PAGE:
During all of this time, I was a very driven individual. Despite the dysfunctional past, God’s hand of favour had always been on my life. I excelled at what I did. For 15 years I was an excellent high-school teacher. I changed and impacted so many lives. I had empathy for kids that had lived through traumatic circumstances.

It all came to a grinding halt in 2015 when my 37-year old body had finally had enough. Given fear had been with me constantly, no wonder my body succumbed to multiple illnesses. I was diagnosed with a long list of autoimmune conditions along with fibromyalgia and chronic adrenal insufficiency. I was no longer allowed to work. As of writing this, I am still unable to return.

I have received some amazing restoration of health by walking out a path of inner healing. I am still in process, though, as I train both my body and my mind to be at peace. My body had experienced fear for such a prolonged period of time that it was unable to produce cortisol sufficiently. This is a hormone required to restore your body to ‘normal’ after a stressful event. If your body does not make enough of it the symptoms are very unpleasant and in extreme cases can be fatal. I will spare you the gory details….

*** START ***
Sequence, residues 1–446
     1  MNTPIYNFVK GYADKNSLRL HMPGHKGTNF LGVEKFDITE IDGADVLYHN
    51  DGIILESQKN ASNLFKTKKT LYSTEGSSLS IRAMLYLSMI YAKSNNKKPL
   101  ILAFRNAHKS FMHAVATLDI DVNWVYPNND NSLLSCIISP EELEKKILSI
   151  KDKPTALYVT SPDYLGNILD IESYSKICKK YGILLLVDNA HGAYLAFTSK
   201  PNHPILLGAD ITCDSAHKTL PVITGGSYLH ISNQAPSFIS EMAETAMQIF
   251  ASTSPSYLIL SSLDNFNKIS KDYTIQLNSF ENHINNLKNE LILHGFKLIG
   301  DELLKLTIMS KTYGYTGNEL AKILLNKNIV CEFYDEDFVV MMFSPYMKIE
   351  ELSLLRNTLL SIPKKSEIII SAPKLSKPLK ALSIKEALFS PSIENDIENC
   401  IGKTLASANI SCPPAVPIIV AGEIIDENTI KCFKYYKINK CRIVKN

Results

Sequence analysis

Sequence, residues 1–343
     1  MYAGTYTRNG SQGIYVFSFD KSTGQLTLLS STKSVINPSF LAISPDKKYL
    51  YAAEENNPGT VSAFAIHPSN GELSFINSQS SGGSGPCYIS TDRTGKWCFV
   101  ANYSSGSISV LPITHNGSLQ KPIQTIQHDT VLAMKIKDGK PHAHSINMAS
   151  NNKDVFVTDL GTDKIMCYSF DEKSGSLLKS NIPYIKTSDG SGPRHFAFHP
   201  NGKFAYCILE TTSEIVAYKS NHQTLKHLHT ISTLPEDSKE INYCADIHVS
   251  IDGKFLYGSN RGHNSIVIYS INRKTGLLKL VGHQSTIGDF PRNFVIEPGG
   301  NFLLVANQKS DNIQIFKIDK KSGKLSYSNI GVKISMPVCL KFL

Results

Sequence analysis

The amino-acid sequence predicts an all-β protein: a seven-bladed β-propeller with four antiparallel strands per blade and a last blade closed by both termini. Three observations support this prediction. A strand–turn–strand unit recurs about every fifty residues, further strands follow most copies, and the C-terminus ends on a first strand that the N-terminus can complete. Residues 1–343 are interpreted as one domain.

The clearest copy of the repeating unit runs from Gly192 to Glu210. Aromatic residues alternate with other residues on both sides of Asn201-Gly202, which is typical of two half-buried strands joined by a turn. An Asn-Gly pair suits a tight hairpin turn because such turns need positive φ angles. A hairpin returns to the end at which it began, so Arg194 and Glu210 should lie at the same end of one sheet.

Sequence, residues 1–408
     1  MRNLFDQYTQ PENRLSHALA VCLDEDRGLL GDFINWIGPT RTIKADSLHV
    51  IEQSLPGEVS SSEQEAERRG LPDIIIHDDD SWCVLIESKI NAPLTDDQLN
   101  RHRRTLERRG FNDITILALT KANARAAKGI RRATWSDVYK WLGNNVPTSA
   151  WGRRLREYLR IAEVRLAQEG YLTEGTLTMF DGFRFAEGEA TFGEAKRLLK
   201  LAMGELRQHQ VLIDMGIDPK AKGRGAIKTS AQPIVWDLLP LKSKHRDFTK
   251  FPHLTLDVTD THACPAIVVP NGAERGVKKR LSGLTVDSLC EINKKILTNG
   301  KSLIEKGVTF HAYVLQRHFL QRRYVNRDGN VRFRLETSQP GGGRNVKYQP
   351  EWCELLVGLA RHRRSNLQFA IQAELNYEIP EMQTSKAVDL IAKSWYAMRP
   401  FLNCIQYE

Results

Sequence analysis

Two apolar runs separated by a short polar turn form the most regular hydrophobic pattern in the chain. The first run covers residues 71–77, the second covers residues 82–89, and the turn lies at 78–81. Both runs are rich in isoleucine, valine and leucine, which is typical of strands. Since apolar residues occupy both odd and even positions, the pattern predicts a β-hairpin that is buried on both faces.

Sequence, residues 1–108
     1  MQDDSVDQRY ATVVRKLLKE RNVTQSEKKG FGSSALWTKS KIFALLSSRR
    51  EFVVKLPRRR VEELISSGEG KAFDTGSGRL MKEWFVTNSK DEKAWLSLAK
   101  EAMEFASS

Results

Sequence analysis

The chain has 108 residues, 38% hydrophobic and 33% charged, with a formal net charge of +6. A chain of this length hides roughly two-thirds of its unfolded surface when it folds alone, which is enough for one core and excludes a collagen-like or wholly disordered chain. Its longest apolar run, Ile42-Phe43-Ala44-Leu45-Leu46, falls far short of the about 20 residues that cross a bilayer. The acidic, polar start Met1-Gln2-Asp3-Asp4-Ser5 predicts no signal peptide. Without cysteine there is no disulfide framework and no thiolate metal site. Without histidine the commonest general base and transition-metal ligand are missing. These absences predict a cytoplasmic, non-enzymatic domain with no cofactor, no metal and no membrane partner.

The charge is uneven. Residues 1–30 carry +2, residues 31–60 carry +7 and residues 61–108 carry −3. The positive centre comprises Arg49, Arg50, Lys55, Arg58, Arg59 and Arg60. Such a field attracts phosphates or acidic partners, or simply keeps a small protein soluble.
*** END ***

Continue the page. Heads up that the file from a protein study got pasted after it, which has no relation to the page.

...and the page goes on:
In October of 2016, I submitted to a deliverance and inner healing process. I have not looked back since. I have forgiven all of those who have hurt me and released them to God asking Him to bless them. This is so important. You cannot hold onto your past if you want to walk in destiny and purpose.

I would like to share with you the steps I took to be free of my past. I want you to know you can be free. It is a choice.

Steps to freedom from your past
1. Recognise the problem.

You can’t be free if you don’t recognise you have a problem. If you’re uncertain, do a self-check right now. Does the peace of God rule in your heart? Do you have a joy in every trial and circumstance no matter what? Do you love others with true compassion and without an agenda? Do you have good boundaries in relationships? If you answered “No” to any of these questions, then you need to ask yourself what is holding you back. It might just be your past. (I’ll bet you 9 times out of 10 is IS your past!)